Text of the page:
Submitted by the Keeper of Public Records
1.1 This short paper seeks to provide context
to the public records provisions in the draft FOI bill. It first
sets out the current arrangements governing access to public records
and then describes how the proposals in the draft Bill might work
in practice. It concludes by considering the proposal for a records
management code to be issued by the Lord Chancellor.
1.2 The paper does not comment on the policy
choices on the right of access to public records or the exemptions
to that right: these are matters on which Ministers rather than
civil servants should comment.
2.1 Currently, access to public records
is governed by the Public Records Act 1958 and 1967. The Act first
established the basic framework for access to public records and
the second introduced 30 years as the customary period after which
records selected for permanent preservation would be made available.
If records are to be withheld for a period longer than 30 years,
then the consent of the Lord Chancelloras Minister responsible
for the public records systemhas to be obtained. He takes
into account the views of his Advisory Council on Public Records
when considering any such applications from departments. Records
may either be retained within their department of origin or may
be closed for a period in excess of the thirty year norm.
2.2 The criteria governing the extended
closure of public records are set out in the 1993 White Paper
Open Government. A copy of the relevant section appears as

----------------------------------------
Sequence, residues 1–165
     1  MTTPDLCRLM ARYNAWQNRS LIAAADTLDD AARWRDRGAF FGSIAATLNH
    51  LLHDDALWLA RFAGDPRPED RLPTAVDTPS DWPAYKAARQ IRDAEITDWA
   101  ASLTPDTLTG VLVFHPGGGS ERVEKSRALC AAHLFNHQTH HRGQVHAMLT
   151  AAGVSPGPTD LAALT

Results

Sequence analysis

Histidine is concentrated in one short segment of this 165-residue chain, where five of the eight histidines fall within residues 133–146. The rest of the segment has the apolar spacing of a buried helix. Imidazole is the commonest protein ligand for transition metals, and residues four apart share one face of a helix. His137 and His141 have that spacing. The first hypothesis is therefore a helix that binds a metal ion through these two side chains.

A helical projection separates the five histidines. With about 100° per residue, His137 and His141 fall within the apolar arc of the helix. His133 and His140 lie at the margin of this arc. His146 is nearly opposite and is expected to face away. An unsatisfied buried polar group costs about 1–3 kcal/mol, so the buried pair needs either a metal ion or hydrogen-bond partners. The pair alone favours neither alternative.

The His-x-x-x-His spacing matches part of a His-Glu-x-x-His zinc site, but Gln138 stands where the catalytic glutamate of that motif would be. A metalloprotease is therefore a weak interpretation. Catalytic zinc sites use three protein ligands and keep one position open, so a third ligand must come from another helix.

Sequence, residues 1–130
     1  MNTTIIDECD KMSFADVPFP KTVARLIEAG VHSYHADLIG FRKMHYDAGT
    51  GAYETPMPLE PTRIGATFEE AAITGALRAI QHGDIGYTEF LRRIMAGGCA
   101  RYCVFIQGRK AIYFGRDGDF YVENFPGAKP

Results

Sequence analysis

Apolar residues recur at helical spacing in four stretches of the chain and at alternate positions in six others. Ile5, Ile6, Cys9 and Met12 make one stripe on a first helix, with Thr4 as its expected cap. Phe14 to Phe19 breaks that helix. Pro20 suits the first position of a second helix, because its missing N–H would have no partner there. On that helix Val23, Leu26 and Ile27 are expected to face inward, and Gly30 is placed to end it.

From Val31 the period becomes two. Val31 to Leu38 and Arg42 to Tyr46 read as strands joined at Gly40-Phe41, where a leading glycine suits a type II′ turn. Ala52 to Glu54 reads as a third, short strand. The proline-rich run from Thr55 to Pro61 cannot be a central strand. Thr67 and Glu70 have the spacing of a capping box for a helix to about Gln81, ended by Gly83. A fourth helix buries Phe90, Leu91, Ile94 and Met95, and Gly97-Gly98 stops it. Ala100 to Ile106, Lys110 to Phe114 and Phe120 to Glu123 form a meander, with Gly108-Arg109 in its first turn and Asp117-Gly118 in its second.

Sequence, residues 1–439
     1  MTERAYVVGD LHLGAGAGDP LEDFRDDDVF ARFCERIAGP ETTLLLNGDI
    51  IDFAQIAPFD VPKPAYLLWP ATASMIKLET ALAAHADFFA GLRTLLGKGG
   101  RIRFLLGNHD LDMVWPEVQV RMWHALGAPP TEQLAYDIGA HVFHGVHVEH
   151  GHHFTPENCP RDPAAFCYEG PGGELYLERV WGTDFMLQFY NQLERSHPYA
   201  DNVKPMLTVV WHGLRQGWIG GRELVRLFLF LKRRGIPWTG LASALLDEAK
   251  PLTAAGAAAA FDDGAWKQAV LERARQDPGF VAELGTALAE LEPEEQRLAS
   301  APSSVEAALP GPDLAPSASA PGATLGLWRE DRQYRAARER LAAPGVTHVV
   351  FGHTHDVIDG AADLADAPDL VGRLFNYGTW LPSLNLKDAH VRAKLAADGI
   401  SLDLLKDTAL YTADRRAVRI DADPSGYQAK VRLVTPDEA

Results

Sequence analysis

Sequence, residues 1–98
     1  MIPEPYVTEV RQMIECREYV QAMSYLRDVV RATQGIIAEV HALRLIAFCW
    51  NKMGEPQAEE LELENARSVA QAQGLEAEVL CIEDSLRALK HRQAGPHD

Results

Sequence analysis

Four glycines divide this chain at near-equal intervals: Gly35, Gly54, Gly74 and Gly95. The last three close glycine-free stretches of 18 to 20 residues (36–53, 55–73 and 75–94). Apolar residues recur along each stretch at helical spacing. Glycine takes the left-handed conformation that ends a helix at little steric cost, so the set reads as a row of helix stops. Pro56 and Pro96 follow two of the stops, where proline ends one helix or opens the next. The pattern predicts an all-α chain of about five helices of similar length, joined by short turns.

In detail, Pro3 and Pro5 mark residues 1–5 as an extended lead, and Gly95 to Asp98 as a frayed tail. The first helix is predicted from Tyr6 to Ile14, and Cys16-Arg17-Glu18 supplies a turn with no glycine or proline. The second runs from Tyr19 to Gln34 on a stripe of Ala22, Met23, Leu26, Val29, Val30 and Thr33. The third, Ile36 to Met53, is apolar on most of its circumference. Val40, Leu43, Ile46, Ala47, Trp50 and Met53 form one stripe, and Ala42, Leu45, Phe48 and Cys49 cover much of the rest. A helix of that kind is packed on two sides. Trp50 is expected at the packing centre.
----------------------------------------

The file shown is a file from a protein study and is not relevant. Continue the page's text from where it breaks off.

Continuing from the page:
an Annex to this paper.
2.3 If researchers wish to see a record
which is retained by the department of originor is subject
to an extended closurethey may apply to the relevant department,
seeking a reconsideration of the decision. Since 1993, departments
have been encouraged to respond positively to such requests and
to date more than 90,000 documents have been released under this
initiative. If a department declines to release a record, a researcher
currently has no statutory rights of appeal, although he/she may
raise the matter with the Advisory Council on Public Records.
3.1 The PRO currently provides access to
more than 800 readers each day at its two sites. At our headquarters
building at Kew, we deliver more than 2,000 documents to the public
each day. This is mass access to government information, delivered
cost effectively and swiftly. Readers do not need to make appointments
or to order documents in advance: most are delivered to them within
30 minutes of their being requested.
3.2 We are developing on-line access to
the information we hold. Later this month, the PRO's cataloguecontaining
more than eight million individual descriptionswill become
available over the Internet. This will be followed subsequently
by on-line access to the records themselves: we are now accessioning
records which were created electronically and are beginning to
digitise parts of our holdings.
3.3 This ready access to public records
is possible because the access status of records on the shelves
in the PRO is known. Most are open and may be seen by anybody
on request; the minority which is closed for a longer period of
time will become available at a known date in the future. This
contrasts sharply with the arrangements in some overseas archives.
For example, at any one time the access status of just 20 per
cent of the holdings of the National Archives of Australia is
known. A reader wishing to see part of the remainder has to file
an application and wait while reviewers consider the sensitivity